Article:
Your reader Martin Hills (July 21) accuses Brexit voters of ‘blind irrationality’. Nonsense.
The biggest reasons for their vote were two plain facts, disputed by nobody: (a) the huge recent immigration from other EU countries; and (b) our total inability to control it, while we remain EU members - as has been amply proved by the reaction to our vote from Brussels and other EU strongholds. No way are they ready to modify this basic rule of membership.
Mr Hills may think it mistaken to object to immigration at recent levels. I disagree: any society can live with a modest inflow of outsiders, but not in these proportions. But, right or wrong, the Brexiteers certainly weren’t irrational.
Mr Hills thinks the Brexit vote due, in part, to ‘a futile wish to recreate a 19th-century vision of Britain which entirely ignores the demands of 21st-century globalisation and collectivism’. I doubt that many voters in 2016 looked back to some vision of 150 years ago. But if they did, were they simply out-of-date?
I for one did not vote against immigration but for a Britain controlled by Britons and British institutions, not, in crucial matters, by bodies largely made up of foreigners. That sort of nationalism has often had terrible effects, let’s agree. But it has merits too, and - good or bad - it is not in the least outdated.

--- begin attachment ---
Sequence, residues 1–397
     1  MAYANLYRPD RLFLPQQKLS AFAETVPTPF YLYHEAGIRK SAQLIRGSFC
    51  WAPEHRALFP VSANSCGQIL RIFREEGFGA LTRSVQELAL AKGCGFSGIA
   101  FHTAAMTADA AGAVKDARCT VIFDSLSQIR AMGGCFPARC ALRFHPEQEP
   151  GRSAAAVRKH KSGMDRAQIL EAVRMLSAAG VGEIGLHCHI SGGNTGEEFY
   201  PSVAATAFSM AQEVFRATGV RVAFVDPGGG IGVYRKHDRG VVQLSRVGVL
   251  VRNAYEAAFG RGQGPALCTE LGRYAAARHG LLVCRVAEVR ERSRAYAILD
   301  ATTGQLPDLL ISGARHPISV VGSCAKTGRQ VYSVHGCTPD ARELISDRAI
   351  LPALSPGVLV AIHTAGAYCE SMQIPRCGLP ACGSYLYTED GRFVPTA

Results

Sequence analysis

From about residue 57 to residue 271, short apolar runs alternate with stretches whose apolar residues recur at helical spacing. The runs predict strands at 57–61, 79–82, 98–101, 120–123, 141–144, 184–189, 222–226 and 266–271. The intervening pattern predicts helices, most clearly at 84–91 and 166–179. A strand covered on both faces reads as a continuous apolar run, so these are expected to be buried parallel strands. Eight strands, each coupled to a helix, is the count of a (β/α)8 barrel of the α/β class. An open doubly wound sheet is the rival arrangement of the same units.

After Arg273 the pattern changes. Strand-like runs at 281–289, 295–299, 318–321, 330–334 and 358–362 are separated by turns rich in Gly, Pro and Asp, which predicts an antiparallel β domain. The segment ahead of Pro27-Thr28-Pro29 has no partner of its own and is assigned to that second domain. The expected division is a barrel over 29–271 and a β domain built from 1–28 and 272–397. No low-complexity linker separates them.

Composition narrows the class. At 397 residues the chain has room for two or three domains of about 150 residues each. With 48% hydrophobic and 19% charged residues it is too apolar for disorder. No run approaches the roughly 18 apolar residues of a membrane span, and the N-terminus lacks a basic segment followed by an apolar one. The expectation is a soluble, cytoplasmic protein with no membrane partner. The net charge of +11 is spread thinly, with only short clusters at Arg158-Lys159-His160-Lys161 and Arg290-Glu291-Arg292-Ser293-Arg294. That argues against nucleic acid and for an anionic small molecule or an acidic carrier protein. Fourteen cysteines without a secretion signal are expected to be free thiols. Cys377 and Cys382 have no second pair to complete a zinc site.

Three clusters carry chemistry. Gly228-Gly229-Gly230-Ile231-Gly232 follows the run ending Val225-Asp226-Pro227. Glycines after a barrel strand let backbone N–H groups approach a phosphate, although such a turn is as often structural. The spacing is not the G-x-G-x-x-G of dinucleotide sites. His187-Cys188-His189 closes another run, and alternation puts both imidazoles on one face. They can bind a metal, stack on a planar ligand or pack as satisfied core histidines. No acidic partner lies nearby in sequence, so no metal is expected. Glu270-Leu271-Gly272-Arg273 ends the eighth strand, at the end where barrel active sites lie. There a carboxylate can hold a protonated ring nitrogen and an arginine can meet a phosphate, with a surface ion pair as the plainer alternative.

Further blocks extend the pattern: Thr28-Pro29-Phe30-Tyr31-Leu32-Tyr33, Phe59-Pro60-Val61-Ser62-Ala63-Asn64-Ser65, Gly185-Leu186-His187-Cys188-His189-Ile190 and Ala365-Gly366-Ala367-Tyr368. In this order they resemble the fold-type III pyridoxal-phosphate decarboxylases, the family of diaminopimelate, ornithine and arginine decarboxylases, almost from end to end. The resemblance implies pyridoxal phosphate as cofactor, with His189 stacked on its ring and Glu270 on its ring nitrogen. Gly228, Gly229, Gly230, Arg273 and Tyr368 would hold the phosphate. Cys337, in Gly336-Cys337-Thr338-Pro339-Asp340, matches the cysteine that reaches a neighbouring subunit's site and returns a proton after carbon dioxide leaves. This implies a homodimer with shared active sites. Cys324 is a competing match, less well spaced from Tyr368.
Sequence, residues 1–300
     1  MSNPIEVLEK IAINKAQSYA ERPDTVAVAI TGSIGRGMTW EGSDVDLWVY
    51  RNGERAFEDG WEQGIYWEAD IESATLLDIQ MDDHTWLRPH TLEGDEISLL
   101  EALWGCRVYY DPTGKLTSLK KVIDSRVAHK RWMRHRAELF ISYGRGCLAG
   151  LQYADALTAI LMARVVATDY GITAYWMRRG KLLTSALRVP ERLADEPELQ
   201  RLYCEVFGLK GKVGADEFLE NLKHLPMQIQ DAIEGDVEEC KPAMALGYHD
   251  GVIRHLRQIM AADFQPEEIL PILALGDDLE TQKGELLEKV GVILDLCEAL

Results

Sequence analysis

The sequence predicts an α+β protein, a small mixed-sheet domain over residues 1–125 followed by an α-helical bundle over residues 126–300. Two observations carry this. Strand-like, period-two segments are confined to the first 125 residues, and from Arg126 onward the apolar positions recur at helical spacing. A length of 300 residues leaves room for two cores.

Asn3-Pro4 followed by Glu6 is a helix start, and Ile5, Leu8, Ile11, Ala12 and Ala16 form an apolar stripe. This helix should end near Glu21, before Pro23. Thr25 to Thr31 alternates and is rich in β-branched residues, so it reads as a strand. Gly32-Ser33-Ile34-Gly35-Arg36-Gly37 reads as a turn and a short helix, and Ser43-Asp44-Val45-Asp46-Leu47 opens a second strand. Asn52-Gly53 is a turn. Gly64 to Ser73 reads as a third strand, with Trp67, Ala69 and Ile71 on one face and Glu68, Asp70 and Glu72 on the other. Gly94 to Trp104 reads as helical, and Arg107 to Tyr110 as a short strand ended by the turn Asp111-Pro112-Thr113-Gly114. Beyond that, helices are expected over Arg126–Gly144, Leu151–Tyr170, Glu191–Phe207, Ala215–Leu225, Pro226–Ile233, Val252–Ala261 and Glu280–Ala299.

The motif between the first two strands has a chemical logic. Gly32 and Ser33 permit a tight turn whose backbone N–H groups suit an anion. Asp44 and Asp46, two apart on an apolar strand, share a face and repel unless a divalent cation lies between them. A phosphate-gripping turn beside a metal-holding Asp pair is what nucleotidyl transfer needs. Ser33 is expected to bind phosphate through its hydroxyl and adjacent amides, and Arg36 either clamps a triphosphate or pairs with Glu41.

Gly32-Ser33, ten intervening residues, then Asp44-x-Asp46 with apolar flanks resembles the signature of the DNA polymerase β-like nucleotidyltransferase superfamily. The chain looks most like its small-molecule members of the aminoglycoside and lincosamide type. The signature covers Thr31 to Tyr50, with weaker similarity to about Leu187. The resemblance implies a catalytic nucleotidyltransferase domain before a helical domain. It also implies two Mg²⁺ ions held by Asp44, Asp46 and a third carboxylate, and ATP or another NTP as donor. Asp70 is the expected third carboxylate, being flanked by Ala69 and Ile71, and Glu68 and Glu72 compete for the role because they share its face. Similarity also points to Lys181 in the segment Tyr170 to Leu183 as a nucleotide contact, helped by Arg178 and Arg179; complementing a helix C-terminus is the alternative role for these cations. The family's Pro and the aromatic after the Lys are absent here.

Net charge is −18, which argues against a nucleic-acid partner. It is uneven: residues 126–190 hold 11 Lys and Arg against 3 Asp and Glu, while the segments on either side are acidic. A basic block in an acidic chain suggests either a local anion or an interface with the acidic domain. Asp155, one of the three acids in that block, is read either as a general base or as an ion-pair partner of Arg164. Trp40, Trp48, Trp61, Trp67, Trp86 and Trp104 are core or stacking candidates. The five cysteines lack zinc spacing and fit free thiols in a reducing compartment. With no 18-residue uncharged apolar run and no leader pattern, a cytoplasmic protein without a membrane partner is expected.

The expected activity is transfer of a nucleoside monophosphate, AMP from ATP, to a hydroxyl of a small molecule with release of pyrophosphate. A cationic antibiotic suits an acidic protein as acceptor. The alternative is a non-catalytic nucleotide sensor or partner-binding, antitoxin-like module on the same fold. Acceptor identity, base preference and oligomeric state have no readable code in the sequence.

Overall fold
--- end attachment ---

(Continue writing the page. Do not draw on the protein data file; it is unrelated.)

How many countries allow outside institutions to dictate to their governments, parliaments or courts? Except on very limited topics, hardly any. How many want to unite with other countries? None. Bar Brazil, almost all of Latin America (unlike the EU) even speaks the same language. So are its countries rushing to unite? Far from it.
Many countries, in contrast, have split apart. India/Pakistan/Bangladesh; Malaysia/Singapore; Czechs and Slovaks; the ex-Yugoslav republics; Russia and many ex-Soviet areas. And that’s since 1945, not ancient history. One big country has gone the other way, Germany. But why? For exactly the same nationalistic reason: Germans feel German.
Just as most of us - and I include most Remain voters - feel British. If Mr Hills prefers collectivism, so be it.